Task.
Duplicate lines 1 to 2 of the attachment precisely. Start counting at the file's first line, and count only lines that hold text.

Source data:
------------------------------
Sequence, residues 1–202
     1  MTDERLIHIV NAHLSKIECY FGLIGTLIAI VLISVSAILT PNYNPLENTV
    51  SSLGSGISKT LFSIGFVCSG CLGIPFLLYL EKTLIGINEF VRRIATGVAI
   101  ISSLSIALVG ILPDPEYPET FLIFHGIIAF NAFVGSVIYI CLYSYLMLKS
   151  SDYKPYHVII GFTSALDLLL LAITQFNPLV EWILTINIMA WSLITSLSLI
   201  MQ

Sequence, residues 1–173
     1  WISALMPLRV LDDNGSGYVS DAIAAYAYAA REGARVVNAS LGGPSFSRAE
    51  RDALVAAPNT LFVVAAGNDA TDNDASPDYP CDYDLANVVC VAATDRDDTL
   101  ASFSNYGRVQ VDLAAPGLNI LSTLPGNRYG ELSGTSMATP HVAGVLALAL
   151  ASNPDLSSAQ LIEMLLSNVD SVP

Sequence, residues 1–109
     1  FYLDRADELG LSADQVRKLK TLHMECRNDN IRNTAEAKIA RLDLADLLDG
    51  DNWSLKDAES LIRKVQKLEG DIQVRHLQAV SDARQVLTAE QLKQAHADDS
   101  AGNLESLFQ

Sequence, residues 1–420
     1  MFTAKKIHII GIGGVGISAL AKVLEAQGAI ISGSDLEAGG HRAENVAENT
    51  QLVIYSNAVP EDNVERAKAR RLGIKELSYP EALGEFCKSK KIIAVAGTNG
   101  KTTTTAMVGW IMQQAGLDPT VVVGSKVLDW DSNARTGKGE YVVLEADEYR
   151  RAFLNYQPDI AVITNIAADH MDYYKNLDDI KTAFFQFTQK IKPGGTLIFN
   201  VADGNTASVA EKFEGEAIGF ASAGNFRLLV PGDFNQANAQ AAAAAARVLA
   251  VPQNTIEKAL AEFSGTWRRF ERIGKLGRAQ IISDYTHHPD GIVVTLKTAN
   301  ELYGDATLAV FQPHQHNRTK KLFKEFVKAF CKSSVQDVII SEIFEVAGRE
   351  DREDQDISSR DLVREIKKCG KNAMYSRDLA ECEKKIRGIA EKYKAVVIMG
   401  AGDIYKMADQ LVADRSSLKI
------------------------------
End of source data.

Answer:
Sequence, residues 1–202
     1  MTDERLIHIV NAHLSKIECY FGLIGTLIAI VLISVSAILT PNYNPLENTV